What is Autism Spectrum Disorder?

The term “Autism has been around for a little over 100 years now. It was first used by Eugene Bleuler, a Swiss psychiatrist to describe a group of symptoms of schizophrenia. However, now Autism is not associated with the term of schizophrenia.

The term Autism comes from the Greek word “autos”, which means “self.” It conveys the “isolated self” that comes with Autism.

Autism is a term used to describe five different complex brain development disorders that affect a person’s social and communication skills, along with possibly their learning ability. When someone has autism, it means that different parts of their brain are not working properly together.

Autism as a term has a developed since first being used, but the most recent update came in 2013 when DSM-5 Diagnostic manual merged PDD-NOS (Pervasive Developmental Delay – Not Otherwise Specified), Autism, Asperger Syndrome, Rett Syndrome, and Childhood Disintegrative Disorder all under the term Autism or Autism Spectrum Disorder (ASD).

Autism begins very early in brain development, but often you won’t see major symptoms until the ages of 2 to 3 years old. However, you can detect Autism with a specific type of screening at year one. This is a new screening and is just beginning to get worked into infants regular checkups at the doctor’s office.

ASD can begin very early in someone’s life, but since there is no cure, it lasts throughout a person’s life. However, a lot of research is being done and put together to alleviate people’s symptoms. You can learn more on that by checking out our guide “10 Best Ways to Improve Your Child’s Autistic Symptoms."






How Common is Autism?

Autism is one of the fastest growing development disorders in the U.S. with 1 in 68 American children being diagnosed with it according to the U.S. Centers for Disease Control and Prevention (CDC). There are 3 million people in the United States with Autism and tens of millions worldwide with it.

This is a 1,000% increase in the last 40 years, with research showing that it can only partially be explained by better diagnosis and awareness.

Autism is four to five more common in boys than it is in girls, with the diagnosis being 1 in every 42 boys and 1 in every 189 girls. When it comes to siblings, there is only a 3-10% chance that non-twins will both be affected. However, with identical twins, if one has autism, then the other has an 80-90% chance of being diagnosed. For non-identical twins, the chances that both have Autism are the same as non-twin siblings at 30-10%.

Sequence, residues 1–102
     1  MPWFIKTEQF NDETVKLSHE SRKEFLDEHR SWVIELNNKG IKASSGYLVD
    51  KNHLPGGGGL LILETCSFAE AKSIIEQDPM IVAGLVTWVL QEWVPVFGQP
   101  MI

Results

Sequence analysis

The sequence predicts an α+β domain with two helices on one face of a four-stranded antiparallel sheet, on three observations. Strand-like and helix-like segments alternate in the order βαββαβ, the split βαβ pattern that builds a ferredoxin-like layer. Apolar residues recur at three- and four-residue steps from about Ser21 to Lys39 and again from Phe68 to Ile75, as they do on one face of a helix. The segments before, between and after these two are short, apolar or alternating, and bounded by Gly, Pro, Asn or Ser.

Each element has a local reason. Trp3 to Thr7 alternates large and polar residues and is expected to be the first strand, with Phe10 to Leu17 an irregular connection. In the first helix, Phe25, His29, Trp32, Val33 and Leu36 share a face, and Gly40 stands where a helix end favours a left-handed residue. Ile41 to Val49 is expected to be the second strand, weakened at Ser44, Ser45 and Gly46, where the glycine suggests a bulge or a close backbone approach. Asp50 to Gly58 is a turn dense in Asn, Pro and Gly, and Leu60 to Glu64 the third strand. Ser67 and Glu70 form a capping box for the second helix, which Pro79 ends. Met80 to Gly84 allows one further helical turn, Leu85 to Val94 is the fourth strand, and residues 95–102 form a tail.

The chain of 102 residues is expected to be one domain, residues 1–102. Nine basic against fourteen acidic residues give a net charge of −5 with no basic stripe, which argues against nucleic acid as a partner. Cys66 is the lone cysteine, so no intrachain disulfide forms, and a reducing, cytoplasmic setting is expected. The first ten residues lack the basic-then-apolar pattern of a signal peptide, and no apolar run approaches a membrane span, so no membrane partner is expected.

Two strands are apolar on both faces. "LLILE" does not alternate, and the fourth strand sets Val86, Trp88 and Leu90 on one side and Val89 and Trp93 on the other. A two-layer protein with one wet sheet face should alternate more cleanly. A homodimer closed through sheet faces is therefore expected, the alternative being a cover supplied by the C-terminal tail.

Do We Know What Causes Autism?

At this point, we don’t have an exact cause for autism. One reason for this is that Autism is a larger term that includes different brain disorders, so there’s not one cause.

However, the latest research is showing there is a genetic and environmental component to being diagnosed with Autism.

Researchers have found that there are over 100 gene mutations that will increase a child’s risk of being Autistic. There are only a few of these genes that can cause Autism on their own.

Only 15% of cases of ASD are caused by just genetics. The other 85% are a combination of someone have a genetic predisposition and environmental factors.

The most evident environmental factors that attribute to Autism are:

  • Older parental age at the time of conception (of both parents)
  • The mother getting ill during pregnancy
  • Difficulties that arise during the birth
  • The baby not getting enough Oxygen to their brain

There are things Mother’s can do during pregnancy to reduce the risk of her child getting Autism. One of which is to make sure she gets at least 600 mpg a day of folic acid, whether that is through prenatal vitamins or whole foods.

There are Different Degrees of Autism

There is a reason the term “spectrum” is used while talking about autism. There is a big variance in how Autism affects people and what symptoms they have. For example, 40% of those diagnosed with Autism have average to above average intellectual abilities. The other 60% can vary from slight learning disabilities to heavy learning disabilities.

Another example is that one-third of children diagnosed with Autism are non-verbal.

Some children who are diagnosed with Autism are high-functioning with just some slight social and communication struggles. Before the merging of the terms in 2013, they would have been diagnosed with Aspergers.

While having a child being diagnosed with Autism can be scary, it’s important to know that there are lots of resources, treatments, and new research being done to help alleviate symptoms. While some symptoms can be problematic, a few symptoms can give children with Autism a special perspective on the world.

A few of the best things we can do as a society to help out is to become more aware of Autism and to become better educated.